Garment factories now safer after inspections

Rob Wayss, Accord's executive director, says as they complete two years in Bangladesh
People work in a garment factory. Photo: Star/File

Safety in the garment sector has improved over the last two years as factory owners started implementing the corrective actions plans recommended by the engineers of two foreign inspection agencies -- Accord and Alliance.

“Factories in Bangladesh producing garments for Accord signatory companies have become safer,” said Rob Wayss, Accord's executive director for Bangladesh operations.

“Safety hazards identified through our inspections are being remediated and will ultimately be completed. There is a lot of work remaining to do to complete the remediation work but progress has been made and this has made factories safer.”

After the Rana Plaza building collapse, nearly 200 retailers and brands, mainly European, formed the Accord on Fire and Building Safety in Bangladesh on May 13, 2013 to ensure workplace safety and improve worker rights in the garment sector.

The engineers of Accord, a legally binding five-year agreement, formally started factory inspections on February 20 last year and completed preliminary inspections in September.

Through two batches of initial inspections -- one in Feb-Sept of 2014 and the other in Jan-April of 2015 -- Accord has inspected 1,286 factories for fire, electrical, and structural issues, Wayss said in an email interview as they completed two years in Bangladesh.  The number does not include the approximately 250 factories producing for both Accord and Alliance brands which the Alliance inspected, he said.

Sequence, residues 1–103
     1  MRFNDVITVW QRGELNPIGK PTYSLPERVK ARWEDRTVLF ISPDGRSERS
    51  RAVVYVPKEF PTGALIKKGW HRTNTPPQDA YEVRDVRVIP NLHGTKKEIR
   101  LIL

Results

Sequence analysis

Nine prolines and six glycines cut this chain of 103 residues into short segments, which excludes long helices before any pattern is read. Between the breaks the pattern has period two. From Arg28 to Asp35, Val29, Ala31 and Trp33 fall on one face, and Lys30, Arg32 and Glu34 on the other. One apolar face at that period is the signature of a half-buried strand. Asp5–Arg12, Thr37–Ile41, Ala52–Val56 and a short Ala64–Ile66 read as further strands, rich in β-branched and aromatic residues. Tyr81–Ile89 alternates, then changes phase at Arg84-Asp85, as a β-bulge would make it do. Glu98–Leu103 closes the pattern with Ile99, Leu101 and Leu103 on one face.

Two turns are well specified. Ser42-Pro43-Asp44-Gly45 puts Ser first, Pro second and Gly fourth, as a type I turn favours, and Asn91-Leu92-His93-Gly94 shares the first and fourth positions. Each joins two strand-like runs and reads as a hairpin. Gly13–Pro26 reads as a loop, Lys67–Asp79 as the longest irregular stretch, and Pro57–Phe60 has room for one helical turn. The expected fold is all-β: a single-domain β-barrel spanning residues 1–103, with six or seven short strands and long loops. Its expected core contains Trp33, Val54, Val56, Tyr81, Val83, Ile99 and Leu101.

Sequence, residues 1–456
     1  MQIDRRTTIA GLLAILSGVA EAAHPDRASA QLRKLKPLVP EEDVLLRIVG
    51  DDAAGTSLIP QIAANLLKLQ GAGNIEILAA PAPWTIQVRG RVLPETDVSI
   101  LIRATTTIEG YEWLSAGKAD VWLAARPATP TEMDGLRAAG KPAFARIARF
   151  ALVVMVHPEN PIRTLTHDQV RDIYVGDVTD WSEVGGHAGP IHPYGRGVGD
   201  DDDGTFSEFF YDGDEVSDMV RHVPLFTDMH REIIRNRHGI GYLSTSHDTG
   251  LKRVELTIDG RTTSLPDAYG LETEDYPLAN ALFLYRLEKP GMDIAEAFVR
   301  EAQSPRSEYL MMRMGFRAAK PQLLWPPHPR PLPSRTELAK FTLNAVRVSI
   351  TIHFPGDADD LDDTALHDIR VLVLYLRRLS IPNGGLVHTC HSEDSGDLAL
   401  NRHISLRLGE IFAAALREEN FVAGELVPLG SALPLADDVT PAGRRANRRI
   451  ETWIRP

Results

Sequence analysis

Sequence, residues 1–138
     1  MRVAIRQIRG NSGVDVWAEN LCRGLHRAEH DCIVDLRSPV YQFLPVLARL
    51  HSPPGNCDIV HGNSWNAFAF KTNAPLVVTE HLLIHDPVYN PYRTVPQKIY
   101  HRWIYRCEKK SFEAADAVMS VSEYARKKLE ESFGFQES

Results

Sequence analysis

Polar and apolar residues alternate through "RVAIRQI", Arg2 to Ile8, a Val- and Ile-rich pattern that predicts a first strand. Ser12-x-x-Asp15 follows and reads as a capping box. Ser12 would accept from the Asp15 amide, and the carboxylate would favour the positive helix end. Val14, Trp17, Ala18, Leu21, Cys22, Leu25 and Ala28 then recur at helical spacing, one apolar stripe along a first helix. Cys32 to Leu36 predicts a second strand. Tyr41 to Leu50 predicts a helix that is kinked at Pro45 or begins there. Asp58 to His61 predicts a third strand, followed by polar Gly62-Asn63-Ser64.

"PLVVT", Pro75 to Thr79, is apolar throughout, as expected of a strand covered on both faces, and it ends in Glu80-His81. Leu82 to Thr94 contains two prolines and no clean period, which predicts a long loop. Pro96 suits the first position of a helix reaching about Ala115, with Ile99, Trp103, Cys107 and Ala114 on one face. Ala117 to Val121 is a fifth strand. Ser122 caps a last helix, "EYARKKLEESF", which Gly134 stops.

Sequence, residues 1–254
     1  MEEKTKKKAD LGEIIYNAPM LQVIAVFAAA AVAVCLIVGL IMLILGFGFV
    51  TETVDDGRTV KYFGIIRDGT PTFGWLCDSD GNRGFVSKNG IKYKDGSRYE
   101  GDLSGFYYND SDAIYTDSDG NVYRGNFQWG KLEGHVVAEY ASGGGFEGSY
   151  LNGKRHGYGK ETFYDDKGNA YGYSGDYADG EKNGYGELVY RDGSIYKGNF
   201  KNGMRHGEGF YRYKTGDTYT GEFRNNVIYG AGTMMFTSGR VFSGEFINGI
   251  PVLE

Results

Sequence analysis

“For these factories we are not doing initial inspections but are developing CAPs (corrective action plans) and monitoring and verifying remediation based on the findings from the Alliance conducted inspection.”

On providing funds to factory owners for remediation, Wayss said, in order to induce factories to comply with upgrade and remediation requirements of the Accord programme, participating brands and retailers will negotiate commercial terms with their suppliers.

He said each signatory company may, at its option, use alternative means to ensure factories have the financial capacity to comply with remediation requirements.

Bilateral discussions take place between factory owners and Accord brands to finalise a financial plan for the remediation, he said.

“In most cases, factory owners are confirming they will fund the remediation costs. In some cases, factory owners are requesting commercial terms and support from Accord brands.”

Accord brands have negotiated such support in some cases. These include: commitment to order volumes and long term sourcing; prepayment or accelerated payment of orders, or direct financial support. 

Accord is also working to establish low-interest remediation loans through various international financial institutions.


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